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Daily Archives: May 3, 2017
What if any clinical significance is there when the creatinine level is elevated and indicates CKD, but the BUN and the BUN-creatinine ratio are normal?
The serum creatinine is a much better test for kidney function than the blood urea nitrogen (BUN). There are many things that change the BUN test that do not have anything to do with kidney function. The serum creatinine is … Continue reading →
Hello, I’ve been in Mexico for the past 3 months. About a month ago I discovered I had some sort of worms living inside me and started a course of medicine to get them out. It was 3 days straight of very strong medicine (can’t recall the names of which) which ended up not working. I read those medicines can be toxic, so I took a naturalist approach after 2 days of finishing the medication. Started with just garlic and lime juice. 2 days into that, had sharp pain in both kidneys. I kept treating for 5 more days with papaya seeds, coconut oil, and the garlic and lime juice. Stopped everything a day ago because although the pain has gone away, I have this constant pressure always in my left but sometimes both kidneys. I got a urinalysis and blood test and both say everything is normal. Just wondering what this could be? It does not hurt but it is a little uncomfortable and definitely does not feel ‘normal’. Many thanks for reading and I am looking forward to your reply.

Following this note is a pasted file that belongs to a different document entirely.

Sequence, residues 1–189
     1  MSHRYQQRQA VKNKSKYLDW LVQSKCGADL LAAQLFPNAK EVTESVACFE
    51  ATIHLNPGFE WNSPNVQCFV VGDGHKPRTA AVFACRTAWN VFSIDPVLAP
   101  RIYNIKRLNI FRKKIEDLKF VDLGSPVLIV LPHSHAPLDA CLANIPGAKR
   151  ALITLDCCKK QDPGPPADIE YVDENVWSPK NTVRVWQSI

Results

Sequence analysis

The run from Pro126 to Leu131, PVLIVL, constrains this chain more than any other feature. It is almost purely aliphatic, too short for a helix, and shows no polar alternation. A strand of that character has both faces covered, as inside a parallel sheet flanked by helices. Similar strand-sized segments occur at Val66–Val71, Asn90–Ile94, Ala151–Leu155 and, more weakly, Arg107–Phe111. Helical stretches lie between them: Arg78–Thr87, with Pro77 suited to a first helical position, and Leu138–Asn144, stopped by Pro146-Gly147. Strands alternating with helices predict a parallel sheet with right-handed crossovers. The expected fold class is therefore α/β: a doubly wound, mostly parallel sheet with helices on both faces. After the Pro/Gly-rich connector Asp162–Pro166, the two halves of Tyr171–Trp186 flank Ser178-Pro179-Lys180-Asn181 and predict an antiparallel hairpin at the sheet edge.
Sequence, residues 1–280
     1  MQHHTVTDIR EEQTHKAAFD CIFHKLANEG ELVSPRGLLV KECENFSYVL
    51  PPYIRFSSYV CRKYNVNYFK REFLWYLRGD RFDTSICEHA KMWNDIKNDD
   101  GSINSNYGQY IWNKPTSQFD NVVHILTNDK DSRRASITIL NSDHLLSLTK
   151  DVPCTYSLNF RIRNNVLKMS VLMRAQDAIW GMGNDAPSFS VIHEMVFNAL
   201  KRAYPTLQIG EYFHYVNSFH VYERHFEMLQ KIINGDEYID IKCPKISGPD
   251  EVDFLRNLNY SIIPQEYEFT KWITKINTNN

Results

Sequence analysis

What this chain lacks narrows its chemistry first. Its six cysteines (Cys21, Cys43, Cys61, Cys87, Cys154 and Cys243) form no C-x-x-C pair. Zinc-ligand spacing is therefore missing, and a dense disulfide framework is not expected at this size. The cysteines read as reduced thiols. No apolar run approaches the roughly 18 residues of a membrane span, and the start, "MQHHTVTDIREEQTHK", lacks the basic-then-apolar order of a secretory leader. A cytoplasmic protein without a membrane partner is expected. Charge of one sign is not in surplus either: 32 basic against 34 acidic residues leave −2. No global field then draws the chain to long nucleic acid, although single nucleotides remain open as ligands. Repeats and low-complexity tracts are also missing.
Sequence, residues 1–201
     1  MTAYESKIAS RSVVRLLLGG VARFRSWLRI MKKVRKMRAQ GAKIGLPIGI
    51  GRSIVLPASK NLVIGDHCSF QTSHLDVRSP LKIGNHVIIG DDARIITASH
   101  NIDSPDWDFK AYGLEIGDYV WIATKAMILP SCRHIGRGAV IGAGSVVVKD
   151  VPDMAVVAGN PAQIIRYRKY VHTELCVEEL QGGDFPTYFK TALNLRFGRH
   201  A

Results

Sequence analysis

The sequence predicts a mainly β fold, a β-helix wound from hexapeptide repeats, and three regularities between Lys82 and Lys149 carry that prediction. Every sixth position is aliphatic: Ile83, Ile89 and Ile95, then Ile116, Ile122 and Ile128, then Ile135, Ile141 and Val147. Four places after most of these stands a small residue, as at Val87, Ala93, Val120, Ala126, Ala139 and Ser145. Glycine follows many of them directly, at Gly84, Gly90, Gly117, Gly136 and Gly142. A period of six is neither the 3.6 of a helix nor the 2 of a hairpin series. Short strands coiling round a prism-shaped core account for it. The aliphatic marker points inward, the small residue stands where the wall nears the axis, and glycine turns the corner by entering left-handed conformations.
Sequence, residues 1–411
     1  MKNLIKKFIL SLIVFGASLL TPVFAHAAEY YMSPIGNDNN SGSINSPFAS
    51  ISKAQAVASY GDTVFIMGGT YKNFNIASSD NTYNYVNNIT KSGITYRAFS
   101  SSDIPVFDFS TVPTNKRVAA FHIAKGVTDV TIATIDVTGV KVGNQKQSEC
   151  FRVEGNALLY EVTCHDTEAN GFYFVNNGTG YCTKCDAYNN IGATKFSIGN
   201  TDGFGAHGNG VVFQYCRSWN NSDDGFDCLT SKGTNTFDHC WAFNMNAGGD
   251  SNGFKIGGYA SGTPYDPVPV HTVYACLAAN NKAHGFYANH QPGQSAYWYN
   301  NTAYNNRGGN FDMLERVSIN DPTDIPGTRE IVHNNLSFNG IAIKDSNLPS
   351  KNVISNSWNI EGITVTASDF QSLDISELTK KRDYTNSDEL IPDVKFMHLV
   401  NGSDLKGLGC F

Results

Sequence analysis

I am not able to make a specific diagnosis based on the information that you present. You need to see a physician for a complete history and physical examination. I believe you should see your physician.
I am a 51 y.o. caucasian woman with a GFR of 45, Creatinine of 1.27, 4.3 Albumin and BUN of 11. I am overweight, have slightly elevated cholesterol (204) though I exercise religiously 3x a week – 180 minutes total – doing cardio exercise, circuit training, and weight lifting. My BP is pretty average and I am not diabetic. My question is this: Am I at a point that I should pursue treatment with a nephrologist, or is it still relatively early? My GFR has dropped steadily for years and this is the highest creatinine reading I’ve had as well, so I am concerned.